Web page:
Let out of work early on Sunday, I took one of my last walks from Via Chiaia to Via Tribunale, and I pass women bearing striking resemblance to Sofia Loren with their bronzed skin and tight necklines; I gaze upwards as blue buckets are hoisted to waiting men in windows, taking their goods and placing payment to be sent back down; I see tough tykes with swag, decked out with pierced ears and temporary neck tattoos, walking equally dangerous puppy pit-bulls with training ears on; and I giggle as scooter drivers honk in call-and-response fashion to each other while they wait for the light.
The flanking Quartieri Spagnoli streets rise sharply on either side, slants of sunlight revealing the centuries-old dust hanging in the haze. Young girls swing their legs and look down on the street from their small apartment terraces, and shop-owners peer over food displays, in a way that is neither threatening nor inviting. I continue on, and when I get to Piazza Plebliscito, my music changes to Ave Maria, and everything falls into place. This song seems to have been made for Naples, the perfect juxtaposition of a majestic history with a musical softness, an orchestral harmony with the chaos around. It’s a sweet serenade to a damaged city that lives in the beauty of the past, but which continues to rise forward in its own confident crescendo of the every day.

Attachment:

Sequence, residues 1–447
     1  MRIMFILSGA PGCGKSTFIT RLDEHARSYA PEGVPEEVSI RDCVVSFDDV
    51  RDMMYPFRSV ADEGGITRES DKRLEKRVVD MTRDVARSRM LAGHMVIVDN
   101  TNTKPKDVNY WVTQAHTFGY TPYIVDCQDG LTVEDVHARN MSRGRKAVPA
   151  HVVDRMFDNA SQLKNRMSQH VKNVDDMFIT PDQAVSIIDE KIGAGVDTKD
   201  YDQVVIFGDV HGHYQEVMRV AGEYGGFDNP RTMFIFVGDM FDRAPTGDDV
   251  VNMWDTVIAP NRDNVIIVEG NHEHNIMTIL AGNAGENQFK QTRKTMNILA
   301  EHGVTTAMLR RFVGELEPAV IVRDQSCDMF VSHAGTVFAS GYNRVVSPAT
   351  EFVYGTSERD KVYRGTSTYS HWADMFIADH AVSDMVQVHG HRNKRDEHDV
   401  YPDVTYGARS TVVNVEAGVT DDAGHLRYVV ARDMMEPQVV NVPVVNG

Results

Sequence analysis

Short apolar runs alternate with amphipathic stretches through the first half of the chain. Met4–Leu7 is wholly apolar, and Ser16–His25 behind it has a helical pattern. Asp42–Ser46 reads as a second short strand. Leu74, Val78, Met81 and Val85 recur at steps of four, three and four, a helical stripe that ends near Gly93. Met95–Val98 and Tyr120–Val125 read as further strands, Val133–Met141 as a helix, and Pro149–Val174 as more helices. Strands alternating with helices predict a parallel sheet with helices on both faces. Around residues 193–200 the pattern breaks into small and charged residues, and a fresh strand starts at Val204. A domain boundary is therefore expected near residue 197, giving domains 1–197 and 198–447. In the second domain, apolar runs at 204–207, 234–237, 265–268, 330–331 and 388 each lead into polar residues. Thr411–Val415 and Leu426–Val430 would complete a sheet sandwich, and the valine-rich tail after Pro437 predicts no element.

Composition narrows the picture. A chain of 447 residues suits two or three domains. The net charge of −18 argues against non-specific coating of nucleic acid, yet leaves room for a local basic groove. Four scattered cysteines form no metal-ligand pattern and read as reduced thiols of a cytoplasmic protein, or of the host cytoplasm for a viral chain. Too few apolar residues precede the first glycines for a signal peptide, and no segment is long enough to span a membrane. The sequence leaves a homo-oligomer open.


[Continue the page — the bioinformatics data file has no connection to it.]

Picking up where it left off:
Ave Maria is my song of Naples, and will be a reminder of my stay here. It recalls finding my way and myself in a foreign city not conducive to young girls living on their own; taking the 140 over the hill every morning to work, the beauty making my stomach drop every time in astonishment; the moonlight on the water from the car on the way to midnight cornetti, blasting Pink Floyd and Kaleo; and to my lodging’s terrace down the hall from my room, which called me out even late at night to watch the lights dance in the summer heat and silent blackness. The elegance of Naples and its beautiful people will stay on like a song in my head, my memories available to me anytime I put my headphones in. And it will never lose its meaning.